Updated from 4:44 p.m. EST
had merger talks with 11 different companies, but only two firms, including eventual winner
, made formal bids.
In a much-anticipated
Securities and Exchange Commission
filing Tuesday, Micron and Lexar laid out the background of a controversial sales process that culminated with Micron's offer to acquire Lexar on March 8. The deal has drawn opposition from a group of hedge funds, claiming that it significantly undervalues Lexar.
Meanwhile, Lexar's warning on Tuesday that first-quarter revenue could be as much as 50% below Wall Street expectations underscores the company's difficulties of continuing operations as an independent entity.
Together, the dual filings cast doubt on activist shareholders' contention that Lexar is worth significantly more than what Micron has offered to pay for it.
In late trading, Lexar was recently off 72 cents, or 7.73%, to $8.60. Shares of Micron were off 2.2%, or 33 cents, at $14.44.
According to the filing, Lexar explored a potential buyout with the help of investment banking firm Deutsche Bank for about a year before the Micron announcement. Last November, Lexar received an offer of $8.75 a share from an unnamed company, but the deal fell through because of the offer's timing terms and antitrust concerns.
That offer would have put a higher price tag on Lexar than Micron's, which valued Lexar shares at $8.43 on the day it was announced, based on Micron's stock price at the market's close that day. Under the terms of Micron's acquisition, each Lexar share will be worth 0.5625 of a Micron share.
CIBC World Markets analyst Daniel Gelbutch said that while the other deal was slightly richer than Micron's, it's a far cry from the $10-plus a share that he says opponents of the deal believe Lexar could fetch.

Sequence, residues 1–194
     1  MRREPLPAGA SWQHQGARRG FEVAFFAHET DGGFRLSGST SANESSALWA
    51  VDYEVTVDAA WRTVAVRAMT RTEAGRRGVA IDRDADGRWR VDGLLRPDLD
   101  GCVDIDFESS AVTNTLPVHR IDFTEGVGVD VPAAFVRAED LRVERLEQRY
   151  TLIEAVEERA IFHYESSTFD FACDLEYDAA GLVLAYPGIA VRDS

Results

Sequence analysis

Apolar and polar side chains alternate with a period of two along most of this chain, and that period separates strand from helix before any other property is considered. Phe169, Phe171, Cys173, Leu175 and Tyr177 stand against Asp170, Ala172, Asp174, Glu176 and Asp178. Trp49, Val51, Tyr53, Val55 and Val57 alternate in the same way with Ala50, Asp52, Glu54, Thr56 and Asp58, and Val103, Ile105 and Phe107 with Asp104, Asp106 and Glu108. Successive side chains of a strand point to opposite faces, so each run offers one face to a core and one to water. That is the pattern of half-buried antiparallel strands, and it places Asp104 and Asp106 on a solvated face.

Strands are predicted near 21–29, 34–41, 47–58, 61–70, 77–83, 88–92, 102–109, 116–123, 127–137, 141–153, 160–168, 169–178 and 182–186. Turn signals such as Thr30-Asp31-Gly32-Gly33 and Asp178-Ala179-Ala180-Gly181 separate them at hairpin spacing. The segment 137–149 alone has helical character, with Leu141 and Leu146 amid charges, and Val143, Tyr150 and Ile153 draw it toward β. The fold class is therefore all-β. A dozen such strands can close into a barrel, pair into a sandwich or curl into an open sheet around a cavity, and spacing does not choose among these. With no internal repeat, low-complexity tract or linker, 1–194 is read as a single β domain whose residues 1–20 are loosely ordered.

"The bottom line is it looks like management didn't just willy-nilly sell it to serve their interests," said Gelbtuch, whose firm makes a market in Lexar securities. "They spoke with everyone in the field who is a potential buyer, and no one stepped up to the plate to offer something higher."
Since the announcement of the deal, a consortium of hedge funds, including Carl Icahn's Icahn Partners, have amassed large stakes in Lexar in hopes of pressuring the company to find another buyer who will pony up more cash. Lexar also has been hit with several class-action lawsuits in California state court, alleging that Lexar's board engaged in self-dealing and failed to obtain the highest possible price for the company.
In an SEC filing earlier this month, Elliott Associates, which owns 6.5% percent of Lexar, stated its extreme displeasure with the Micron deal, which it claimed "falls meaningfully short of Lexar's standalone value."
"We believe this outcome was the result of the Company's failure to conduct a robust and thorough sale process, and we fully support and encourage interest from other parties at levels more closely reflecting Lexar's true value," said the filing.
Calls to Elliott Associates, as well as Icahn Partners, were not returned.
In making its case for a richer Lexar valuation, Elliot Associates laid out scenarios in which Lexar operates with gross margins between 18% and 23%.
That scenario seemed less likely Tuesday, when Lexar delivered guidance for the current quarter in which it warned that revenue would be between $100 million and $130 million, with a loss in the range of $22 million to $30 million. Analysts polled by Thomson First Call were expecting sales of $200 million for the quarter, with a loss of 19 cents a share.